POWER OF ATTORNEY is a written document by which you can authorize another person or persons to act for you, as your agent or attorney-in- fact. For example, your agent could conduct financial transactions such as buying and selling, paying bills, and maintaining bank accounts. A Power of Attorney is a legal document, governed by the laws of Pennsylvania. 20 Pa.C.S. Chapter 56
Why would I want to give someone else the power to act for me?
You may become ill or disabled to the extent that you are mentally or physically unable to conduct your business yourself.
Is there more than one type of Power of Attorney?
Yes. For example, a Power of Attorney may be durable or nondurable. A durable Power of Attorney will continue in effect after you become incapacitated. A nondurable Power of Attorney will end if you become incapacitated. However, in Pennsylvania all Powers of Attorney signed on or after December 16, 1992 are durable unless the document specifically states otherwise.
Must I grant the person to whom I give my Power of Attorney the power to handle all of my affairs?
No. A Power of Attorney may be limited to certain acts, or even to one act only (for example, selling your home for you).
Can I use a Power of Attorney to authorize someone else to care for my child?
No. However, you can authorize someone to take care of your child's medical treatment and any other needs through the use of a standby guardianship. Under the Standby Guardianship Act, 23 Pa.C.S. Chapter 56, a custodial parent, a legal custodian, or a legal guardian can designate a standby guardian through the use of a standby guardianship document. The designated standby guardian would have authority to act for the named minor or minors only upon the occurrence of a triggering event, such as physical debilitation, mental incapacity, or death.
Also, under the Medical Consent Act, 11 P.S. Chapter 21, a parent who is temporarily unable to care for the needs of a minor child or children, may designate an adult to consent to medical and/or mental health treatment for a minor child or children.
This act permits the designated adult, on behalf of the designated minor or minors, to consent to medical, surgical, dental, developmental, mental health or other treatment. Such a designation must be in writing and must be signed by the parent in the presence of two witnesses who are at least eighteen (18) years old. The adult who is being given the power to consent to the treatment specified also must sign the document.
Legal custodians and legal guardians of minor children may also designate another adult to consent to treatment on behalf of the minor or minors for whom they are responsible.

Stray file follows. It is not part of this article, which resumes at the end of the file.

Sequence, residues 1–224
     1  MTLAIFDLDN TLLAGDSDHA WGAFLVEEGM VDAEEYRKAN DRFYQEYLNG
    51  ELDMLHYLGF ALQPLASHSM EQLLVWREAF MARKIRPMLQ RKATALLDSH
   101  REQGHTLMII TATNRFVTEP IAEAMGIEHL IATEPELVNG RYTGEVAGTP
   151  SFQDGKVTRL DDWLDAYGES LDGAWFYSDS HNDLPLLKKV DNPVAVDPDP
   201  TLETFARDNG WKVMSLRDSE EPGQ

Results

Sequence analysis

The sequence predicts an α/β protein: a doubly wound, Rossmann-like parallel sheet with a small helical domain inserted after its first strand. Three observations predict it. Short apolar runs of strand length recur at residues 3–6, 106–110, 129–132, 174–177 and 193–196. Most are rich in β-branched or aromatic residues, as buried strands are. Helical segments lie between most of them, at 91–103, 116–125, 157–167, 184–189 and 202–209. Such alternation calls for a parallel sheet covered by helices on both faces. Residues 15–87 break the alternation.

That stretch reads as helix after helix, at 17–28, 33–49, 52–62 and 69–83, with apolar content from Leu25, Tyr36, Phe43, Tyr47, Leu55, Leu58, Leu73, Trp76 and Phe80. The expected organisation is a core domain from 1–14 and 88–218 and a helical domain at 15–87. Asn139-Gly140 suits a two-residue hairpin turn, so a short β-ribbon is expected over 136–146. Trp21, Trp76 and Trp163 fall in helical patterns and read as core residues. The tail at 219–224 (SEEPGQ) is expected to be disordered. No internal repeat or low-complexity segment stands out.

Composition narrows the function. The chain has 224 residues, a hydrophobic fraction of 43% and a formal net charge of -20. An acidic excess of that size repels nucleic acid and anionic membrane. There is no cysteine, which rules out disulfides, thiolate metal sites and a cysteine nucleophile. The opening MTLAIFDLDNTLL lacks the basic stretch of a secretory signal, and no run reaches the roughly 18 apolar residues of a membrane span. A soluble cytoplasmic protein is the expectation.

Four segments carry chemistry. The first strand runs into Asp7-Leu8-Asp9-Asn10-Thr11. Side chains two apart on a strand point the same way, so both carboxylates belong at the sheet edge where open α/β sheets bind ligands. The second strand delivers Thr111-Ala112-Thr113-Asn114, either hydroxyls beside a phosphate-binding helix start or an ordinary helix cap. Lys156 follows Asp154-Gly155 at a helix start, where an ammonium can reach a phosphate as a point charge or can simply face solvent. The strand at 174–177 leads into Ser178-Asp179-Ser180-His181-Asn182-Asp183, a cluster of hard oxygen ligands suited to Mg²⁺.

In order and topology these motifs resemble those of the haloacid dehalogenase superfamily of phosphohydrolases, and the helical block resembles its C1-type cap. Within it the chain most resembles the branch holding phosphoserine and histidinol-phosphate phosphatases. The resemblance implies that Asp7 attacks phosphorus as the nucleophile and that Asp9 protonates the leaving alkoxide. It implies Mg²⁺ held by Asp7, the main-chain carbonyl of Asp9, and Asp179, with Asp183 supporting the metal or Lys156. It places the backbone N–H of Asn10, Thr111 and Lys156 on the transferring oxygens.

How will the banks, doctors, and so forth know who holds my Power of Attorney?
It is a good idea to give copies to your doctor and your bank. You can also give extra copies to your representative. If your representative opens a "Power of Attorney account" at a bank for you, the bank will probably require a copy of the document.
Who should I choose?
You need not choose a relative. Be sure to choose someone you trust.
Can I wait until I become incapacitated to do this?
If you become mentally incapacitated, it will be too late to grant a Power of Attorney. You must be mentally competent to take this action.
Is it possible to name someone to have Power of Attorney, but to withhold the power to act until a later date?
Yes, through what is known as a Springing Power of Attorney. It "springs" into effect at a specified future time or when some specified thing happens. For example, it can spring into effect if you become disabled.
Suppose I change my mind about the person I choose to act as my agent?
You may revoke a Power of Attorney at any time, provided you have the capacity to do so. Just give written notice to the person you had selected. You should also notify your doctor, your bank, or anyone else who got a copy of the original Power of Attorney.
How can I get a Power of Attorney prepared for me?
To get a Power of Attorney prepared for you, contact your attorney. If you do not have an attorney, your local Office on Aging or Legal Services office may be able to help you.
What happens if I become disabled or incapacitated and I have not signed a Power of Attorney?
If you have not named someone else to make health care decisions for you in a Health Care Power of Attorney document, a health care representative can be named to make healthcare decisions for you. However, that only applies to health care decisions. A health care representative CANNOT make financial decisions or decisions that affect your personal or real property.
The law often changes. Each case is different. This pamphlet is meant to give you general information and not to give you specific legal advice.
Please use the information found in this brochure carefully since the law is constantly changing and the information may not accurately show any changes in the law that occurred after the creation and publication of the brochure.
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Revised 12/22 This public information pamphlet was edited by Neighborhood Legal Services Association and produced by Pennsylvania Legal Aid Network, Inc.